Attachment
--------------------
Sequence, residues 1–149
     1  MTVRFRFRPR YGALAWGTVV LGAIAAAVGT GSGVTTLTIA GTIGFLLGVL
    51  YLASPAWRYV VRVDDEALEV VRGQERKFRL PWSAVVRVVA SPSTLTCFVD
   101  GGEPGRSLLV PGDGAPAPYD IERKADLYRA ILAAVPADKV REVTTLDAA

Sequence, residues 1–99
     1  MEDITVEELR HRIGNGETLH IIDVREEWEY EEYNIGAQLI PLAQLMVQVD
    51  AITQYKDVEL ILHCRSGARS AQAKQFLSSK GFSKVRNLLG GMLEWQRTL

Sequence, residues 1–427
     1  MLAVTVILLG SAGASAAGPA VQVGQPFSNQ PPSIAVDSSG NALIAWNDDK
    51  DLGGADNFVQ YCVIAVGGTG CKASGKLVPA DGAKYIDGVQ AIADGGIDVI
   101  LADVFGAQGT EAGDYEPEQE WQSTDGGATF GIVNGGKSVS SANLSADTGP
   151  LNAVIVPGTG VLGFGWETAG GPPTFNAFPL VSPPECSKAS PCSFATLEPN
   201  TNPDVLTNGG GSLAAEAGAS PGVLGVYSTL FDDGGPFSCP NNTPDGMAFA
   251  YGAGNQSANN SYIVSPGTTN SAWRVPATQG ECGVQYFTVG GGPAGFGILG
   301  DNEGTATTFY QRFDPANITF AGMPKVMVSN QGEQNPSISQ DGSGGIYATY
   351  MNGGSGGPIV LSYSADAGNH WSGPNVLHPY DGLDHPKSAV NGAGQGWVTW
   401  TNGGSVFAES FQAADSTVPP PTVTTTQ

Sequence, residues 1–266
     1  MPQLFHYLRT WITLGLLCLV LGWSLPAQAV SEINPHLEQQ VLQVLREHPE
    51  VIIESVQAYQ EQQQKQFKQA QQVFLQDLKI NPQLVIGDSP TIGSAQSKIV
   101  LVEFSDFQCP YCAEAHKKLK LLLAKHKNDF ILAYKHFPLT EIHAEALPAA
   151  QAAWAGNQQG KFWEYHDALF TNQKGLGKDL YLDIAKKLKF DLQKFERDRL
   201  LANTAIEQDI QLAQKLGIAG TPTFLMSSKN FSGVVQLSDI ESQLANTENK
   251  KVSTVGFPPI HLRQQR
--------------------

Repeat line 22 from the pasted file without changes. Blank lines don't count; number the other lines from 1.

   151  QAAWAGNQQG KFWEYHDALF TNQKGLGKDL YLDIAKKLKF DLQKFERDRL